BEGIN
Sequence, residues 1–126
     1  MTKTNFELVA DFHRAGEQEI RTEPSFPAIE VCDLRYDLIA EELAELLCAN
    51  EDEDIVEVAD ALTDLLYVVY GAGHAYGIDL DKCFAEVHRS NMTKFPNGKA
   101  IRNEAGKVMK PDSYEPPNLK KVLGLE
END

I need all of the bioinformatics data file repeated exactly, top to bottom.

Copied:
Sequence, residues 1–126
     1  MTKTNFELVA DFHRAGEQEI RTEPSFPAIE VCDLRYDLIA EELAELLCAN
    51  EDEDIVEVAD ALTDLLYVVY GAGHAYGIDL DKCFAEVHRS NMTKFPNGKA
   101  IRNEAGKVMK PDSYEPPNLK KVLGLE